UPDATE | Government denies that defence force staff are 'unwilling' to man plane to fetch South Africans from China

2020-03-06 08:06

Government has denied a media report that claims South African National Defence Force (SANDF) crew members are refusing to make the potentially dangerous journey to China to help in the repatriation of 184 South African citizens.

On Friday, Mail & Guardian (M&G) reported that a senior official "intimately familiar with the discussions" said defence force personnel were unwilling to man the aircraft.

The plane is set to bring back the group of South Africans - which include teachers and other professionals currently working in Wuhan - the city from which the deadly virus originates, News24 reported.

An aircraft has been secured for the repatriation of South African citizens from Wuhan amid the global outbreak of the Covid-19 virus.

But SANDF crew members were refusing to make the potentially dangerous journey, according to M&G's report.

"We do have an aircraft ready to go. But there are no warm bodies who want to go to China, as they fear the risk," the senior official reportedly said.

According to M&G's source, no one can be forced if they don't want to go. The delay has reportedly been caused by the military, which has advised against the evacuation.

Report is 'misleading'

Following the publication of the article, the Government Communication and Information System (GCIS) issued a statement calling the report misleading. 

It said the article "misinforms readers and the general public about government's handling of the repatriation of South Africans and goes against the paradigm of responsible journalism. The article casts aspersions on the work of government on the repatriation process of South African nationals from Wuhan, China, by an unnamed source."

GCIS said government maintained that the Terms of Reference for the provision of an aircraft for the repatriation includes trained crew members to assist the passengers. "This is in line with civil aviation regulations which require trained and registered crew members to assist the passengers on the plane.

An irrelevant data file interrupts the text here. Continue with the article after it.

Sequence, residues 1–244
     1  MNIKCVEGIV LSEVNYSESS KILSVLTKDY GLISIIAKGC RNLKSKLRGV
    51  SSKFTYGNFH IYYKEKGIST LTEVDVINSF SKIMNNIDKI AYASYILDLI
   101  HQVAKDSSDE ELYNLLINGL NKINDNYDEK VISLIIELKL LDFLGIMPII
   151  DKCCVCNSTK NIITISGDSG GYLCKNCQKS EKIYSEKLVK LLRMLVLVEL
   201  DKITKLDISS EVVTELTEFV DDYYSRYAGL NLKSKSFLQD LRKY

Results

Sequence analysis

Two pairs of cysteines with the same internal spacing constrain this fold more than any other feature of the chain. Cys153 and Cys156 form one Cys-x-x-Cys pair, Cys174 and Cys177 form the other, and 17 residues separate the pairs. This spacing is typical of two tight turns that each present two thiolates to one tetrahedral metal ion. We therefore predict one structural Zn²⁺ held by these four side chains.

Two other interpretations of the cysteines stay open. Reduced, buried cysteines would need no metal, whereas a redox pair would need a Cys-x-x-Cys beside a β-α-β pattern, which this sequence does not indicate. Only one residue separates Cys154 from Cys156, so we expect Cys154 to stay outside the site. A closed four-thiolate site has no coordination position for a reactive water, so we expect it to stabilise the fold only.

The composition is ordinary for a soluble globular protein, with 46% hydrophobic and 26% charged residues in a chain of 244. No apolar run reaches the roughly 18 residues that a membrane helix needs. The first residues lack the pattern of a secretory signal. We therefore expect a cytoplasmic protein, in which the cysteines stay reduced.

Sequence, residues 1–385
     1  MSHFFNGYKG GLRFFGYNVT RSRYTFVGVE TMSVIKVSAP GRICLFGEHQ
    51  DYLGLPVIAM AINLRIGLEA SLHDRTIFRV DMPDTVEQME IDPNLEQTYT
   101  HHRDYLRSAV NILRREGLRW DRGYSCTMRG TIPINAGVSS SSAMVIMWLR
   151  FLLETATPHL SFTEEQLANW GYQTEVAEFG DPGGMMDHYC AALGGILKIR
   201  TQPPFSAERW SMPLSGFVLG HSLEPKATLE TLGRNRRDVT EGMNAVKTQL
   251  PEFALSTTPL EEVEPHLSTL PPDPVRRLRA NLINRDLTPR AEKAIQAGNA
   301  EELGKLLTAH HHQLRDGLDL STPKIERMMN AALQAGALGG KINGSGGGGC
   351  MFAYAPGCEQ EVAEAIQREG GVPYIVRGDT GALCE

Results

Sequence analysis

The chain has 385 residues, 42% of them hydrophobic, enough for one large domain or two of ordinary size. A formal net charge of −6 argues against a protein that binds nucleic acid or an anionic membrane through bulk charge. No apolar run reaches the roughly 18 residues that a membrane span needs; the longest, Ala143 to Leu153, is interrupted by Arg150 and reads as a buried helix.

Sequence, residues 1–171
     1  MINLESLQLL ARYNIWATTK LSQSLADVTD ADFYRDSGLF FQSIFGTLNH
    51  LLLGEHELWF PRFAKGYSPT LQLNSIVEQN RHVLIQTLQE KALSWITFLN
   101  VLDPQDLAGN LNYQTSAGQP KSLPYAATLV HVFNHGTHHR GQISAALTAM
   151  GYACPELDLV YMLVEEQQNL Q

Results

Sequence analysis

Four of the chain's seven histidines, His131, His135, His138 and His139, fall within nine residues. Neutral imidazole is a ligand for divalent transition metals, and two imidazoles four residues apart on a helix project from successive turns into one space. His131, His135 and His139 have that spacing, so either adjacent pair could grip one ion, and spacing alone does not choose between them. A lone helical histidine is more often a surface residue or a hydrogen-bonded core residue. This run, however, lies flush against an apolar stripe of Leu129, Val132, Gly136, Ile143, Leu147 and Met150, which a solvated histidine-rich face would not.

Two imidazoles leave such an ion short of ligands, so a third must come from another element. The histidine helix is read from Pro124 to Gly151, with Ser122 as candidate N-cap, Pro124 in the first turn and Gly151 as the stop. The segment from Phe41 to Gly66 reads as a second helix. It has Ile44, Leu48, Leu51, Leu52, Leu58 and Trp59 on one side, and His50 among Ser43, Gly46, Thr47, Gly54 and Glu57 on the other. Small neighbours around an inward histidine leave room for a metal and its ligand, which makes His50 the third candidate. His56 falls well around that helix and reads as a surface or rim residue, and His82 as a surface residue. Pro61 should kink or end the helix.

"The discourse in the article about SANDF officials is also deceptive, as all hands are on deck to ensure a smooth repatriation process of our people. Government reassures all South Africans that government is on track with the repatriation process. All services that are required for the repatriation are being finalised and the public will be informed accordingly."

GCIS reiterated that all South Africans that will be repatriated were not sick and that the World Health Organisation's (WHO) protocols for the repatriation will be adhered to.

Remain calm

"Government calls upon citizens to remain calm and spread truths about the virus to overcome the global challenge of misinformation in the public domain."

SANDF spokesperson Siphiwe Dlamini also told M&G that he was not aware of the situation and that everything was in place as had been planned.

Health Minister Dr Zweli Mkhize said at a briefing on Sunday the operation would be conducted over a period of seven to 10 days.

In a statement issued on Thursday, GCIS said: "The aircraft with the capacity to bring back the citizens in Wuhan has been secured. An interdisciplinary team of relevant departments including Health, Home Affairs, Social Development and the Defence Force will form part of the repatriation team from China to South Africa. They will be working with the Chinese authorities to screen the group of South Africans before they depart the epicentre of Wuhan.

"With the support of the South African Embassy in China, a ground transport plan is being put in place to ensure that all citizens who are to be evacuated are safely brought to a central collection point from where they will be transported home.

Negotiations not concluded

"Negotiations with a number of service providers to serve as a quarantine area have not yet been concluded. At this stage, the technical team is working hard to finalise this critical area of work and there is no specific venue that has been confirmed.  We can, however, reassure that this work will be concluded in the not so distant future." 

In his Sunday briefing, Mkhize clarified that the citizens returning from Wuhan had not tested positive for Covid-19 and that they will be quarantined for a further 21-day period upon their arrival.

South Africa reported its first case of Covid-19 in KwaZulu-Natal on Thursday.

In a statement, Mkhize said the National Institute for Communicable Diseases (NICD) confirmed a positive test of a 38-year-old man who travelled to Italy as part of a group of 10 people.

They returned to South Africa on 1 March.

The man tested positive on 3 March and has been in self-isolation since. News24 understands his doctor and his family are also in quarantine.

A tracer team has since been deployed to KwaZulu-Natal with epidemiologists and clinicians from the NICD.

Worldwide, nearly 100 000 people have been infected with SARS-CoV-2 and almost 3 400 deaths have been reported, according to the World Health Organisation. 

This article has been edited since publication to include comment from GCIS. 

- Compiled by Riaan Grobler

Read more on:    sandf  |  china  |  covid-19  |  coronavirus

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